In a busy week for the court after an equally busy spring, the Supreme Court has made two rulings in the last couple of days that address issues that lie at the very heart of U.S. law and its constitutional foundations.
The most recent verdict, issued this morning, D.C. v. Heller, strikes down a 32-year-old ban on handguns in Washington, D.C., ruling that the ban is unconstitutional according to the Second Amendment. The 5-4 ruling was the first broad interpretation of the Second Amendment’s provision that citizens have “the right to bear arms” since its ratification in 1791. The majority opinion written by Justice Antonin Scalia stated that the Constitution does not provide for “the absolute prohibition of handguns held and used for self-defense in the home.”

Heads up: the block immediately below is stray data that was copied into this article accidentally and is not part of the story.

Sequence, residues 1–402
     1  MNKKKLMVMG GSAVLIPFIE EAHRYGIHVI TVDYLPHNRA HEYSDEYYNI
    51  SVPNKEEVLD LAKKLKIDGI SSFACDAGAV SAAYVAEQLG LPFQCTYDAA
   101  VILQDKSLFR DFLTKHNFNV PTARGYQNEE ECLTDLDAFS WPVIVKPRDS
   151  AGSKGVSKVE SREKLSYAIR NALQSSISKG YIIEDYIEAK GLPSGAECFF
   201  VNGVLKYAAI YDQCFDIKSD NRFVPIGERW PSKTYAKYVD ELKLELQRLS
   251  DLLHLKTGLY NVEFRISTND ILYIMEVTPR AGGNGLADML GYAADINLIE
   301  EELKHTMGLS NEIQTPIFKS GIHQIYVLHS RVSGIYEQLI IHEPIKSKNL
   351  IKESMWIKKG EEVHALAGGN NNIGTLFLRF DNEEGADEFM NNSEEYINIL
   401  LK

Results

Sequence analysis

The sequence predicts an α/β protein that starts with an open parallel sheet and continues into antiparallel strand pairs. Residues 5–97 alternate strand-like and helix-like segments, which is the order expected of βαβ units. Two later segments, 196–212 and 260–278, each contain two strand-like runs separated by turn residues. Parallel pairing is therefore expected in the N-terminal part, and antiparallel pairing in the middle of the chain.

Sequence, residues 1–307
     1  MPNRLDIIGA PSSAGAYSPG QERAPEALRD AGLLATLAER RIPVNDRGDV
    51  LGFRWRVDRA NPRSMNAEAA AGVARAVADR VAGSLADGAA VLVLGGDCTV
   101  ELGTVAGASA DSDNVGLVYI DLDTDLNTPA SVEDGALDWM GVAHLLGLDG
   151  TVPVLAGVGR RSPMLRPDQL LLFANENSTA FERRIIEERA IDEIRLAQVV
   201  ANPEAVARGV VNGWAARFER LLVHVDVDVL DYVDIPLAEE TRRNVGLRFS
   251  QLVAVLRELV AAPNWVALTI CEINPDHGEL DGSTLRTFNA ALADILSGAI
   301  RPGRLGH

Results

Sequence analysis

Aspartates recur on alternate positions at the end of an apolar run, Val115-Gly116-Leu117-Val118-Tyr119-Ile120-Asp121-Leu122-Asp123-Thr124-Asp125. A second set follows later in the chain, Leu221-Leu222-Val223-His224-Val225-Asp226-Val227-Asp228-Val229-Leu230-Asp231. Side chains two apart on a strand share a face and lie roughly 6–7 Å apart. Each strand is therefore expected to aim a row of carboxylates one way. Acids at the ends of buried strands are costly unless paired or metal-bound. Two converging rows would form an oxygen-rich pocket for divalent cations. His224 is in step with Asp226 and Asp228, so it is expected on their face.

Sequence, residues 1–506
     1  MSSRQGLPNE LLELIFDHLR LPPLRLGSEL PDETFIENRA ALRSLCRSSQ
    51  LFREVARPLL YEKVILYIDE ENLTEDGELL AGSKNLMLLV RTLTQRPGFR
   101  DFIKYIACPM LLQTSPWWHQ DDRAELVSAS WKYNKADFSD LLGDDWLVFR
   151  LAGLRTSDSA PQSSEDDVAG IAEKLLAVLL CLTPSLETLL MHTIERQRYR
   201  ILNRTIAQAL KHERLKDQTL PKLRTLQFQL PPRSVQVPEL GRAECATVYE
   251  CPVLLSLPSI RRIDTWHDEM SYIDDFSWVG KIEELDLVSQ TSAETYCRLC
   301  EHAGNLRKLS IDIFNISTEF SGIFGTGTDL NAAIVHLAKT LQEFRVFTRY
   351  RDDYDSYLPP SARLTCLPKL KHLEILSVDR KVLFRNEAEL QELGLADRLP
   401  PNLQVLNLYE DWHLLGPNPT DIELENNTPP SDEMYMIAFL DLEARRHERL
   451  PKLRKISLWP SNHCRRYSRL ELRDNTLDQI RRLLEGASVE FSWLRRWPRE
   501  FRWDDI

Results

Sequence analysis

A verdict yesterday touches on a still-more controversial issue, that of child rape. In another 5-4 decision, the court overturned a death penalty in Louisiana given to a man who was convicted of raping his 12-year-old stepdaughter. The majority of justices ruled that the despite the awfulness of the crime, it does not warrant capital punishment. The court interpreted the Eighth Amendment’s ban on “cruel and unusual punishment” to include death penalty in the case of rape in a ruling in 1977, and the recent decision clarifies this precedent in the case of children.
For more analysis of Supreme Court decisions past and present, visit the Total Criminal Defense article section.